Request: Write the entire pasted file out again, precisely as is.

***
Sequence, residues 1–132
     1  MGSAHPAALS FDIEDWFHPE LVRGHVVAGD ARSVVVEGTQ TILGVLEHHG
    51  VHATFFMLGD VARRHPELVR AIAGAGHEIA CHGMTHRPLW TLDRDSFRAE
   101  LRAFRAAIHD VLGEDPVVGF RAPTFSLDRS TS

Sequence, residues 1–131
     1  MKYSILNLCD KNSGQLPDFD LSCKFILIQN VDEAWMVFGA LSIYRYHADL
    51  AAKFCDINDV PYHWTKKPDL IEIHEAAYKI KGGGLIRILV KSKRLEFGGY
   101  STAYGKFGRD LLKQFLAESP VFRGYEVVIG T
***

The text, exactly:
Sequence, residues 1–132
     1  MGSAHPAALS FDIEDWFHPE LVRGHVVAGD ARSVVVEGTQ TILGVLEHHG
    51  VHATFFMLGD VARRHPELVR AIAGAGHEIA CHGMTHRPLW TLDRDSFRAE
   101  LRAFRAAIHD VLGEDPVVGF RAPTFSLDRS TS

Sequence, residues 1–131
     1  MKYSILNLCD KNSGQLPDFD LSCKFILIQN VDEAWMVFGA LSIYRYHADL
    51  AAKFCDINDV PYHWTKKPDL IEIHEAAYKI KGGGLIRILV KSKRLEFGGY
   101  STAYGKFGRD LLKQFLAESP VFRGYEVVIG T